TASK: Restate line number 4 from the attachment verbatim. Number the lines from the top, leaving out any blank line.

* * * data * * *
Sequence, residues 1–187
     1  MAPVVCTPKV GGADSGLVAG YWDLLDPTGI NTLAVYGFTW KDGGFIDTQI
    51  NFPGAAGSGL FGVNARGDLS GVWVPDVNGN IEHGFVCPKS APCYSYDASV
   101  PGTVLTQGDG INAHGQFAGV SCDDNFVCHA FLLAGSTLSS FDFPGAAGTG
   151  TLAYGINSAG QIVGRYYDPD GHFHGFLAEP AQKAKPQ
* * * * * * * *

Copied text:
   101  PGTVLTQGDG INAHGQFAGV SCDDNFVCHA FLLAGSTLSS FDFPGAAGTG